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You Can Change Your Personality If You Want To, Science Says

If the self-help industry is to be believed, no one is perfectly content with their own personality—everyone wants to know how to win friends, become more charismatic, or learn to be assertive. It may not be as hard as you thought, though. Changing your personality may just be a matter of goal-setting, according to a new study in the Journal of Personality and Social Psychology. Just as your personality changes over a lifetime—theoretically becoming more agreeable and conscientious as you mature—actively deciding to change some aspect of your personality can help you move in that direction. 

In two 16-week experiments conducted by psychologists Nathan Hudson and R. Chris Fraley of the University of Illinois at Urbana-Champaign, participants focused on changing their personalities in at least one area of what psychologists call the Big Five personality traits: extraversion, agreeableness, conscientiousness, emotional stability/neuroticism, and openness to experience. Out of 135 subjects drawn from an undergraduate psych class, some people were asked to create a plan to make the personality changes they desired—goals they were asked to re-evaluate each week. Participants in the control group merely evaluated their own personality traits. 

In respect to extraversion, having a stated goal did predict whether or not participants would report changes in their personality, though the effect was limited to the more narrow personality change they wanted to make. So participants who wanted to become more gregarious, for instance, moved toward that goal, but didn’t experiences changes in the broader category of extraversion (at least not in the short study period).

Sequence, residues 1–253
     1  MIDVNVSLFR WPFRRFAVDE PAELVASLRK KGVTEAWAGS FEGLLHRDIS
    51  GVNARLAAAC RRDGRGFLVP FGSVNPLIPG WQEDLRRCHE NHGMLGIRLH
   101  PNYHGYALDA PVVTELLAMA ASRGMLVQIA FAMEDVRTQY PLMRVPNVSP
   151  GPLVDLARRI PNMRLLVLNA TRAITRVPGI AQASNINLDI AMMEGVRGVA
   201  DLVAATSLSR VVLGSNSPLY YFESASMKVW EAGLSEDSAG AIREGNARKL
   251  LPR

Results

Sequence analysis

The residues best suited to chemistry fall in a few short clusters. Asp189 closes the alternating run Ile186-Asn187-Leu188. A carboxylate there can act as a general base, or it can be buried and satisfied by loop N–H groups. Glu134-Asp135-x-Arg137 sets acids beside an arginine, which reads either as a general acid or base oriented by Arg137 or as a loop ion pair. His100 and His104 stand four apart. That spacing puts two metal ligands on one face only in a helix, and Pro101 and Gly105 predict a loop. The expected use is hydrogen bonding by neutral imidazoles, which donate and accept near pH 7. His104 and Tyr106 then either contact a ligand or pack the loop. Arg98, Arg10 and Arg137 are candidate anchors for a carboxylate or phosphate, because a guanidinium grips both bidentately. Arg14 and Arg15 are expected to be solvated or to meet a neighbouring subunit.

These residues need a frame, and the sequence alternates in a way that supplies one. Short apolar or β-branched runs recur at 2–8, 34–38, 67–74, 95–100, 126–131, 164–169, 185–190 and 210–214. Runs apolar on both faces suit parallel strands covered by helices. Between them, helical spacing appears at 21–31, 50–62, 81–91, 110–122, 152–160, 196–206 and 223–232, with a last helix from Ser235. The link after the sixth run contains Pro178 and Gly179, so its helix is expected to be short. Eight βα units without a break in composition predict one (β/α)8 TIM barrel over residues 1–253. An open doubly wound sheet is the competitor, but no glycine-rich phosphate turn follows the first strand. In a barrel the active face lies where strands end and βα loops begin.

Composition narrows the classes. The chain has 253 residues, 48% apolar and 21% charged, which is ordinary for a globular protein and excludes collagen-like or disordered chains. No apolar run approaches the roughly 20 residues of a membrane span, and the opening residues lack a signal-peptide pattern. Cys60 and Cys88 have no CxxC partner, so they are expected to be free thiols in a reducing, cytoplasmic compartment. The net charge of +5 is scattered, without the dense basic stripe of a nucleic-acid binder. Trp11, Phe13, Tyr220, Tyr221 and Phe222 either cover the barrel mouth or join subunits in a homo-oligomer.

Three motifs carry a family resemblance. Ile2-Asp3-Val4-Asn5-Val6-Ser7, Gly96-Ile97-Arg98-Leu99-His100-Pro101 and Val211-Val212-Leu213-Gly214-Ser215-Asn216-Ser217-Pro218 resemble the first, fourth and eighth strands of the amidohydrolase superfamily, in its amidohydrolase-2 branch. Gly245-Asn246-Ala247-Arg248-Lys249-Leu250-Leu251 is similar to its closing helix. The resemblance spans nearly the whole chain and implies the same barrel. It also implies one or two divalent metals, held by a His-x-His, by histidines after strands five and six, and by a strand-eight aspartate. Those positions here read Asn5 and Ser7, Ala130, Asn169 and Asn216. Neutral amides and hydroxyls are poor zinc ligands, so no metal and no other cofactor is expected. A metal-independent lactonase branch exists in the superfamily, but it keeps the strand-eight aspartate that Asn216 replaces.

In a follow-up trial with 151 students, participants also provided ratings of their trait-relevant daily behavior, in addition to the goal-tracking used in the previous test. Again, those who thought of goals to change their personalities experienced greater changes in the direction of their goals. People who wanted to become more extraverted and agreeable reported more behaviors relevant to those personality changes on a daily basis, too. 

As the researchers write, “people who want to increase in extraversion may modify their thoughts, feelings, and behavior to be more extraverted—which in turn may calcify into lasting increases in trait-extraversion.” In other words, people will try to act like the extraverted person they want to be, thus in time becoming truly extraverted. Or, if setting goals to be more extraverted changed their identity in regards to their own extraversion, this would translate into more extraverted behavior. 

One caveat: The study solely evaluated personality changes via the participant’s own reports on their personality, and it’s possible that people might over-report their own progress, believing they have become much more conscientious than they really have, for instance. 

[h/t: reddit]

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Afternoon Map
Monthly Internet Costs in Every Country

Thanks to the internet, people around the world can conduct global research, trade tips, and find faraway friends without ever leaving their couch. Not everyone pays the same price for these digital privileges, though, according to new data visualizations spotted by Thrillist.